The only large-scale construction we've built in space is the ISS.
Building the ISS cost on the order of $100 billion. The ISS can house about 10 people, which is reasonable for a scientific outpost, but ...
The Space Liability Convention of the Outer Space Treaty holds that whichever state controls the territory a spacecraft/object is launched from is responsible for any damages it causes.
India is a signatory of the treaty, so if the debris field results in damage to the ISS, the appropriate states (depending on what specifically was damaged) can file for ...
From Moon Base Would Be Cheap with Help from Private Industry: Report
The dream of sending humans back to the moon could become a reality
for the relatively low price of \$10 billion — only about 10 percent of
one previous cost estimate — as long as NASA is willing to buy from
private spaceflight companies, a new report shows.
In 2005, NASA ...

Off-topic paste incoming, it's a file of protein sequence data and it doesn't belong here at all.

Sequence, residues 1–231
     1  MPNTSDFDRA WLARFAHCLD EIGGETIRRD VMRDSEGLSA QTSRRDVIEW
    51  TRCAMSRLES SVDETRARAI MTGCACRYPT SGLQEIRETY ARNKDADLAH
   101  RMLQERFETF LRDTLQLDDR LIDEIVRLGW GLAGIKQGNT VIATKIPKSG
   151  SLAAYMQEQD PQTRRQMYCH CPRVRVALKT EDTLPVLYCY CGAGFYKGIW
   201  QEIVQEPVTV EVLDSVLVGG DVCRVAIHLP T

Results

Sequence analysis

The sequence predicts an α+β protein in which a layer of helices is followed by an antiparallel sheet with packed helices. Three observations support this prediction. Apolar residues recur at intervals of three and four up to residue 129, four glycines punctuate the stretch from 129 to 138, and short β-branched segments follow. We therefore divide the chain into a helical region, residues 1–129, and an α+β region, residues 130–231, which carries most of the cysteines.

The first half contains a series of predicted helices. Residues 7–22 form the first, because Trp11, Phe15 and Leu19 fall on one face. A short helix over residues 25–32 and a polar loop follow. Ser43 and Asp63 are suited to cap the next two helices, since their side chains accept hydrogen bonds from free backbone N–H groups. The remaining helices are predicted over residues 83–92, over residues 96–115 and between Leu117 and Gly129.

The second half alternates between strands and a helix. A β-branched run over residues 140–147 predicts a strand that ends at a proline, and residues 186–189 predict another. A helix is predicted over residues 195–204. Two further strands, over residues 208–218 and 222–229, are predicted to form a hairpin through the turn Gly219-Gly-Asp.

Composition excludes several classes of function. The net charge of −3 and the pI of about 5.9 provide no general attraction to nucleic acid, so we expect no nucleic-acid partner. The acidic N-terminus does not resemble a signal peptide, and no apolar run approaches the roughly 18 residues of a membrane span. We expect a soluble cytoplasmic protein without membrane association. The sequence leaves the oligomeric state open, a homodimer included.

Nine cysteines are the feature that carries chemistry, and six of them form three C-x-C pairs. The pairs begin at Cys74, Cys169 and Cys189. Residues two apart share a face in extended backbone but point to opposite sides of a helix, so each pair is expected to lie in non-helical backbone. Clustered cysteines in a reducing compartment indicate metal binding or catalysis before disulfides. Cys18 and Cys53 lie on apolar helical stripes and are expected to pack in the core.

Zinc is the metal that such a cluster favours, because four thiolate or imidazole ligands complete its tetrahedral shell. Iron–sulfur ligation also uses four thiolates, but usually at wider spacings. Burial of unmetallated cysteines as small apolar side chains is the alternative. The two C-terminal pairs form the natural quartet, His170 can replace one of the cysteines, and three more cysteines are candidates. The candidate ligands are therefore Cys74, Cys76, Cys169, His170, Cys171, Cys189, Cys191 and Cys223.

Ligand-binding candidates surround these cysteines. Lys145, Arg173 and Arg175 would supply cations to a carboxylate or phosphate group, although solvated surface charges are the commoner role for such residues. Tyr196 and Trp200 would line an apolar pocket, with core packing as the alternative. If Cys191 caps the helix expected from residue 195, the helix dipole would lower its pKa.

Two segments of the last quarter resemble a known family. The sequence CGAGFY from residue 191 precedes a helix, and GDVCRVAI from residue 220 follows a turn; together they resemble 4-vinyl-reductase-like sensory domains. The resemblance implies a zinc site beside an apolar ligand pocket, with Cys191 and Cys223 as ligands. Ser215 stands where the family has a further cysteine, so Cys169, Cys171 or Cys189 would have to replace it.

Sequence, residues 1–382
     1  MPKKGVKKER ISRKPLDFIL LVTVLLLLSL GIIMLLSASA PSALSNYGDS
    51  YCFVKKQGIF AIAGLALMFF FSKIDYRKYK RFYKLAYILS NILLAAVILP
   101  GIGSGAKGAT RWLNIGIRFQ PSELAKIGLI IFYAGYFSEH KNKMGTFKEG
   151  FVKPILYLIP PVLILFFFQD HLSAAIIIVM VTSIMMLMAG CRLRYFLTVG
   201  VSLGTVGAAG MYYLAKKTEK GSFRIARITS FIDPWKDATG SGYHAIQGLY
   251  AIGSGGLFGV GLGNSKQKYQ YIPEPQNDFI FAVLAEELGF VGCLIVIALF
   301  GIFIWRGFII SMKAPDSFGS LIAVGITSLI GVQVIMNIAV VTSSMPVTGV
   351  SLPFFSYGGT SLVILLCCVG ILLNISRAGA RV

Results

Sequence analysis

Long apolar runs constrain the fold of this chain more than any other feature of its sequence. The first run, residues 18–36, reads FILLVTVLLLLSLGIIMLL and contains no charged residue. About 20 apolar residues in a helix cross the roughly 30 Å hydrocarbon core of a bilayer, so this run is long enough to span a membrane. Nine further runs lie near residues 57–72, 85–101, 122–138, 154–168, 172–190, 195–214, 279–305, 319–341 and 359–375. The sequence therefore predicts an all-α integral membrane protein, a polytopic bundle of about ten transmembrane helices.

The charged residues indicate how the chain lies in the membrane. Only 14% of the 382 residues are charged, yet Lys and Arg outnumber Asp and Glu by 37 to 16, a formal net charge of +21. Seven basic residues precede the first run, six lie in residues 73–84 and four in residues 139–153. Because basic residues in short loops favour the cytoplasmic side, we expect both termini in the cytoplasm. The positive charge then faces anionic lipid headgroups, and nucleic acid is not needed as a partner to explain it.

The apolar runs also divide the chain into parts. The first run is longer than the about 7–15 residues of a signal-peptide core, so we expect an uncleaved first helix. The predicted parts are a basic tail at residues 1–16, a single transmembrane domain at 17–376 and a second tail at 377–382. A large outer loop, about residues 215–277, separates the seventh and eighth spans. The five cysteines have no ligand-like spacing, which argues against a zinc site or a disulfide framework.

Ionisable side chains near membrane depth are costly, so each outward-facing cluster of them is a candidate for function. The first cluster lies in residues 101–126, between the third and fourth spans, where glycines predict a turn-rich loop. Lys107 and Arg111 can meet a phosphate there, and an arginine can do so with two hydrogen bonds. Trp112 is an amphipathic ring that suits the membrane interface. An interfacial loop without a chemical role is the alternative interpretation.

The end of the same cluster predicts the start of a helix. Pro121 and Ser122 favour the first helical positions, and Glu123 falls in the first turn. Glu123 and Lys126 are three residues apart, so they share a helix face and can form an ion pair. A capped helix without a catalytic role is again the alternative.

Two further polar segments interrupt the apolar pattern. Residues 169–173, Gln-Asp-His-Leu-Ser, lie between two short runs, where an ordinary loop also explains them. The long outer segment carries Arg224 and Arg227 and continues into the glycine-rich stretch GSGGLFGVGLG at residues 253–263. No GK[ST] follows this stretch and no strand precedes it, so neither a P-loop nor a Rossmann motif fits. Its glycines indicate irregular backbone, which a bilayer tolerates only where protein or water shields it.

There are two different issues here- what time zone do the people in space use and what time zone the mission control center uses. The crew uses the elapsed time.
To quote Paul Lockhart's answer to a similar question,
....On the shuttle we use mission elapsed time. This is kept by the computers as soon as launch is initiated. And once we are on orbit, ...
ESA and Japan are partners in the ISS venture. As such, they are supposed to contribute to the operating cost of the station. They have chosen to do this in the form of resupply flights. This gave them the opportunity to bolster their space industry by developing new technology (and by producing a pile of hardware). It also meant they could spend the several ...
Historically, Japan has been involved in international space collaboration. They built the Kibo module on the ISS as well as lots of the surrounding science hardware, and a few Japanese astronauts have done expeditions to the Station.
There are not many things better than an international treaty to make sure policy survives through multiple administrations. ...